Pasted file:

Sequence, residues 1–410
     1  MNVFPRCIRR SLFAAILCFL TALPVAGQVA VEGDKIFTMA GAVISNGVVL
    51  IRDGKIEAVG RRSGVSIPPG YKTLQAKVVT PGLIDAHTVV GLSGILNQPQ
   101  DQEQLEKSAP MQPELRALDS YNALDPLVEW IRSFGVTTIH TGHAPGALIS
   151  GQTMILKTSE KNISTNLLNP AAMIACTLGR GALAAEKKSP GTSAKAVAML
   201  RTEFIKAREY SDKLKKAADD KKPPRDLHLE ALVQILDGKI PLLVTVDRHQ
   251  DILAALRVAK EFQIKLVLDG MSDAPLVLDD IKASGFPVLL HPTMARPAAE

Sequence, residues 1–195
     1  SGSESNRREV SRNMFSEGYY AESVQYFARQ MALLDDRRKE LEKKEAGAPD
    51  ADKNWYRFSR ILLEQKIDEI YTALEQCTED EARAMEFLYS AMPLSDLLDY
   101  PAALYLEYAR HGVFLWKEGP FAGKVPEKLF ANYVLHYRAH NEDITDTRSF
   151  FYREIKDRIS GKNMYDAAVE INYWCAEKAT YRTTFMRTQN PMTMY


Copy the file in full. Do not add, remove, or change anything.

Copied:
Sequence, residues 1–410
     1  MNVFPRCIRR SLFAAILCFL TALPVAGQVA VEGDKIFTMA GAVISNGVVL
    51  IRDGKIEAVG RRSGVSIPPG YKTLQAKVVT PGLIDAHTVV GLSGILNQPQ
   101  DQEQLEKSAP MQPELRALDS YNALDPLVEW IRSFGVTTIH TGHAPGALIS
   151  GQTMILKTSE KNISTNLLNP AAMIACTLGR GALAAEKKSP GTSAKAVAML
   201  RTEFIKAREY SDKLKKAADD KKPPRDLHLE ALVQILDGKI PLLVTVDRHQ
   251  DILAALRVAK EFQIKLVLDG MSDAPLVLDD IKASGFPVLL HPTMARPAAE

Sequence, residues 1–195
     1  SGSESNRREV SRNMFSEGYY AESVQYFARQ MALLDDRRKE LEKKEAGAPD
    51  ADKNWYRFSR ILLEQKIDEI YTALEQCTED EARAMEFLYS AMPLSDLLDY
   101  PAALYLEYAR HGVFLWKEGP FAGKVPEKLF ANYVLHYRAH NEDITDTRSF
   151  FYREIKDRIS GKNMYDAAVE INYWCAEKAT YRTTFMRTQN PMTMY